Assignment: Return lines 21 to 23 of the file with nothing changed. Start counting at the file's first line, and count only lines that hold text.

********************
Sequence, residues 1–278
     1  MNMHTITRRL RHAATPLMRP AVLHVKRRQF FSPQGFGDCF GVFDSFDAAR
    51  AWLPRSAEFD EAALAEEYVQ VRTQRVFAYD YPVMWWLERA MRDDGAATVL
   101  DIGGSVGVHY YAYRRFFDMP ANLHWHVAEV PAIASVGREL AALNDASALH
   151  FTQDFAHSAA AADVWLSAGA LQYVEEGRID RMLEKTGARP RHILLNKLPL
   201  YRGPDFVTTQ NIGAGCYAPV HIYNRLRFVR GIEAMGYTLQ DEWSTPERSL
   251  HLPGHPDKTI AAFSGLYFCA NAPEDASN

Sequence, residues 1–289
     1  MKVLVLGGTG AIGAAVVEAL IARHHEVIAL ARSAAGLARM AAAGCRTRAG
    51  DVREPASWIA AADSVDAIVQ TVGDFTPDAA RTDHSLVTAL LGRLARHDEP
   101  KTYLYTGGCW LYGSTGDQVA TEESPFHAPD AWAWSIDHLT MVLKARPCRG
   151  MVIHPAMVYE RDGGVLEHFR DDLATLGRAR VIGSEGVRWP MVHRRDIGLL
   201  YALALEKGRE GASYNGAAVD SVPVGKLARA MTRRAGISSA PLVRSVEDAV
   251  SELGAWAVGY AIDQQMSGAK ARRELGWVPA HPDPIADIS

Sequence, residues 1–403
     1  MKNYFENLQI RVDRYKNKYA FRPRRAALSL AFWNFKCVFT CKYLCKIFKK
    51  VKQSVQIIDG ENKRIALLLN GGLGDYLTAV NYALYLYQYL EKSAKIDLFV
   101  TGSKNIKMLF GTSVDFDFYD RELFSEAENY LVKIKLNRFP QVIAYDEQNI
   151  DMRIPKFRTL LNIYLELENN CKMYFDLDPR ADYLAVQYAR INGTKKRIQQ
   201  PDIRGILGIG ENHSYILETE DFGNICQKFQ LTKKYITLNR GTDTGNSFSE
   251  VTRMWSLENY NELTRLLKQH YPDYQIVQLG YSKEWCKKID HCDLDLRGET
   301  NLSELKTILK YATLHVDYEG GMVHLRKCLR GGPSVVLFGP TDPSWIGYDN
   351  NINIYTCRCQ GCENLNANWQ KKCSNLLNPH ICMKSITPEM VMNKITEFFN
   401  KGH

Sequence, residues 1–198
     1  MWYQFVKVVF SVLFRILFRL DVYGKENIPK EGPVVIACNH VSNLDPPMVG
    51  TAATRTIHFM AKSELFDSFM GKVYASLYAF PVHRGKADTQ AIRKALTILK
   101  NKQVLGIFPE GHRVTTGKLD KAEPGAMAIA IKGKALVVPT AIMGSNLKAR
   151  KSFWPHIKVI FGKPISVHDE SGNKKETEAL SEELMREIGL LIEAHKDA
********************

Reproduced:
   251  VTRMWSLENY NELTRLLKQH YPDYQIVQLG YSKEWCKKID HCDLDLRGET
   301  NLSELKTILK YATLHVDYEG GMVHLRKCLR GGPSVVLFGP TDPSWIGYDN
   351  NINIYTCRCQ GCENLNANWQ KKCSNLLNPH ICMKSITPEM VMNKITEFFN